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Dr. Yu Xiaogang, director of Oxfam partner Green Watershed, has won the Goldman Environmental Prize, the largest award of its kind in the world.
Six grassroots environmentalists from Kentucky, Liberia, China, Brazil, Ukraine, and Papua New Guinea were each presented with a $125,000 prize at an awards ceremony in San Francisco.
"All of them have fought, often alone and at great personal risk, to protect the environment in their home countries," said Goldman Prize founder Richard N. Goldman. "Their incredible achievements are an inspiration to all of us."
Dr. Yu was recognized for the groundbreaking watershed management programs he developed after studying the social and environmental effects of a dam built on China's Lashi Lake region. The dam destroyed the local fish stock and eroded the lakeshore where many farmers grew their crops.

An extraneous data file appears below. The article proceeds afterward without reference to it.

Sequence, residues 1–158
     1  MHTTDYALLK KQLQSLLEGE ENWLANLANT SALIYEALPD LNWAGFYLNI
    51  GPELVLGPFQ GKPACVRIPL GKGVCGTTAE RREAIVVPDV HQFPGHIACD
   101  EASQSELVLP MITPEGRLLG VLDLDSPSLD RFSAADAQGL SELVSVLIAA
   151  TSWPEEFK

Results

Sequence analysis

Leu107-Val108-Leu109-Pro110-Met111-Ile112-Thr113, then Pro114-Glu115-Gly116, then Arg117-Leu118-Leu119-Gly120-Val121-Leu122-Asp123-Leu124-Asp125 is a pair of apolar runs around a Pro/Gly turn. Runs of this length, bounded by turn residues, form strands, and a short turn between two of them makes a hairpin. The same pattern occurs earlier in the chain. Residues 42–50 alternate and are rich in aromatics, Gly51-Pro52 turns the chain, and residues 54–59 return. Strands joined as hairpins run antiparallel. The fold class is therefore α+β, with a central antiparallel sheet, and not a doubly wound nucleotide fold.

According to a statement from the Goldman Prize, "His reports are considered a primary reason that the central government paid additional restitution to villagers displaced by existing dams and now considers social impact assessments for major dam developments."
Since the Goldman Environmental Prize was established in 1990, only 113 individuals from 67 countries have been recognized. Prize winners are selected by an international jury of peers, environmental organizations and individuals.
This is the third environmental prize Dr. Yu has won in the past year. Green Watershed won first prize in the environmental protection category of a Ford Motor Company conservation and environmental grants competition. The organization was also one of 10 winners in a contest sponsored by Beijing's Economic Observer and Shell, which recognized groups that designed outstanding sustainable development projects in China.
Warwick Browne, a program officer leading Oxfam's watershed management work in Asia, said Dr. Yu is a member of a brave group of leaders in the Chinese civil society movement.
"People like Dr. Yu are attracting national and international attention for encouraging local communities to participate in the development decisions that shape their daily lives," Browne said.